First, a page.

Perhaps the MoJ would be more a more willing convenor if the City was to play ball and sign up to Gove’s levy? Beringer does not agree. ‘You have in the City a massive resource – but that resource isn’t cash which is legitimately earned and frequently invested in underpinning the success of the City,’ he says. ‘What you have is a huge resource in terms of administrative capability, technological know-how and legal resource which can be applied elsewhere.’
Is there a danger TLEF’s spends its money propping up creaking parts of the legal profession and advice sector that are no longer viable post-cuts? ‘It isn’t about “propping anyone” up. What we are actually seeing is law centres reinventing themselves under extreme pressure,’ he replies.
‘We can only properly support bids which are working to a goal of sustainability,’ he continues. ‘We know for many of them that might seem like an almost impossible task. They might not be able to achieve it but we are undoubtedly requiring people to take steps towards it. That involves change.’
And TLEF expects the organisations it funds to embrace change. ‘There is no excuse for anyone not to maximise ways in which they collaborate and their use of technology because that simply means resource can go further,’ he says. ‘We’re very happy to help fund the technology which enables that – but in turn they are going to have to undertake to collaborate and be open.’
Not bothering about the facts
A major concern for TLEF is the lack of empirical research underpinning our understanding of access to justice. ‘We are having this enormous debate and we’re not bothering too much about the facts,’ he says.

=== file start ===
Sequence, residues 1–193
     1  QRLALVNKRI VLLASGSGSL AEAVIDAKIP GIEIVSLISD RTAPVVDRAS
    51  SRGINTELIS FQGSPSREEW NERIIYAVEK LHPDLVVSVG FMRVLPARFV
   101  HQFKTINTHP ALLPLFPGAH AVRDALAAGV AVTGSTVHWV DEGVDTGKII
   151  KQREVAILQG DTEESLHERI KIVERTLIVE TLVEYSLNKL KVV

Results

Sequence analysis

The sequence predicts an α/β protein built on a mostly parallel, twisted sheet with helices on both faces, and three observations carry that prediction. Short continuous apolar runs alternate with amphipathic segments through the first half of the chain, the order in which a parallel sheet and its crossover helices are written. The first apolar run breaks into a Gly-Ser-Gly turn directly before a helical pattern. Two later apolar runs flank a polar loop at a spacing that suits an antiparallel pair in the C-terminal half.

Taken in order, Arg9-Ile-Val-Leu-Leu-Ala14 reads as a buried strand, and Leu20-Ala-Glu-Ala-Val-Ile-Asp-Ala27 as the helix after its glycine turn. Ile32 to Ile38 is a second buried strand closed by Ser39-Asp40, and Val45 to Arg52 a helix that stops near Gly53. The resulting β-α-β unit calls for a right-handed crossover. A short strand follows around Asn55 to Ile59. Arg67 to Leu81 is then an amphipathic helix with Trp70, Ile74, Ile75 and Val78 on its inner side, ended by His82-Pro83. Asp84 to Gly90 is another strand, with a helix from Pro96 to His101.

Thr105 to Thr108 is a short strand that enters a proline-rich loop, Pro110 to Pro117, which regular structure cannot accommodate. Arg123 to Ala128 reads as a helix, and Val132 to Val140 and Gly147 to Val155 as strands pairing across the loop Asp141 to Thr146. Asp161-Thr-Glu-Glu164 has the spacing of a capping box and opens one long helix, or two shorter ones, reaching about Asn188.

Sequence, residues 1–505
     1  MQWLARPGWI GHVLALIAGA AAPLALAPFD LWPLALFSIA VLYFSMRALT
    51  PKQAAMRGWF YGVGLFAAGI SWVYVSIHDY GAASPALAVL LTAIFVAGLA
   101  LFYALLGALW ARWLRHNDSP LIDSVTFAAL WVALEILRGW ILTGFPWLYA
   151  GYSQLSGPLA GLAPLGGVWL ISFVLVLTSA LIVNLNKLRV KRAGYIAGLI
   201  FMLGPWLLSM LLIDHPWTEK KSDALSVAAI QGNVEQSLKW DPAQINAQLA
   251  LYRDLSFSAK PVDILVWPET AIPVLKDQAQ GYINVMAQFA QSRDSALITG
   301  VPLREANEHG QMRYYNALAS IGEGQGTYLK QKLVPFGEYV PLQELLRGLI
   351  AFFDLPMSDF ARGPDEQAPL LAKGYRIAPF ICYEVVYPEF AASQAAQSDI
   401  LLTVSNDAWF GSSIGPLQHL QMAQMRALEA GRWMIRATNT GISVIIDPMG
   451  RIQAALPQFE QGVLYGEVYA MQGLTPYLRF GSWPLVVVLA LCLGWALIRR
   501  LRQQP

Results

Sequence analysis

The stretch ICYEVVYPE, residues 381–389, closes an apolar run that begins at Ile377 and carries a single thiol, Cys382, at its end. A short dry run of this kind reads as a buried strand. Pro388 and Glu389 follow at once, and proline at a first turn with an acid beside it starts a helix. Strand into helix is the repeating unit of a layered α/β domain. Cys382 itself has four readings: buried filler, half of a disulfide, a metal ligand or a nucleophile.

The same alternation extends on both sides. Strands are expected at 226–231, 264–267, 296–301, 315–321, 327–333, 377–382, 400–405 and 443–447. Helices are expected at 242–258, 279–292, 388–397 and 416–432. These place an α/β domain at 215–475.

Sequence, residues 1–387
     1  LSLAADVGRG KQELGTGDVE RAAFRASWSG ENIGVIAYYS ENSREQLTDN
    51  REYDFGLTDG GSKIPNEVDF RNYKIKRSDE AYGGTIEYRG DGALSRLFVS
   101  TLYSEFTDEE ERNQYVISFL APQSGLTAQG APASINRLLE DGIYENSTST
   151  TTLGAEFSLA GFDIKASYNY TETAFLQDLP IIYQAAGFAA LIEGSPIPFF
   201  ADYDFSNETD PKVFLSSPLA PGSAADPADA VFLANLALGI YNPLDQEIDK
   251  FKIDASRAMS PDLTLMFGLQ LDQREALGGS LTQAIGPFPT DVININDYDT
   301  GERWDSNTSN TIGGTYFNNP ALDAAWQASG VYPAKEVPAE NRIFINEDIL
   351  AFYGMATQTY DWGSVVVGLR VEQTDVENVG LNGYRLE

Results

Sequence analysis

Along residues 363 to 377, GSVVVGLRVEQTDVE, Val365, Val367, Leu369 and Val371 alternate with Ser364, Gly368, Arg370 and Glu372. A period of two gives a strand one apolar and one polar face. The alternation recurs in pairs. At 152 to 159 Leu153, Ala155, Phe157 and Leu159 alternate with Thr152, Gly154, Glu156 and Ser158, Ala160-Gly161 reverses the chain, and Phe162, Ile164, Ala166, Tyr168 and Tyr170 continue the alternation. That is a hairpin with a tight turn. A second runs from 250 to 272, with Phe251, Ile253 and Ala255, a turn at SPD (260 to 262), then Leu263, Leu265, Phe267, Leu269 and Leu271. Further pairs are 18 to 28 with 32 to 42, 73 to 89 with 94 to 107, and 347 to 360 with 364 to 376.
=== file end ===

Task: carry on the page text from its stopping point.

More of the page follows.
‘There is a very disturbing lack of understanding about what peoples’ legal needs are and what it the broad scope of offering,’ he says. For all the talk of pro bono somehow filling the post-LASPO vacuum, Beringer points out that the last major research project into the profession’s volunteer activities was a University of Westminster study called Something for Nothing in 2002.
Is Beringer comfortable with projects measuring the impact of LASPO and which might provide ammunition for lawyers to make the case for restitution of legal aid? TLEF is not a ‘lobbying organsation’, he replies, but they would support projects that ‘objectively measure what is going on’ because so little is understood about the demand for and provision of legal advice.
Beringer argues for an update of the old line that pro bono is ‘an adjunct to and not a replacement for legal aid’. ‘I don’t think that is an issue any more. We are a long way past that. I don’t think the government is any more saying we’re going to reduce funding if you don’t do this. They’re just saying we are going to reduce funding anyway.’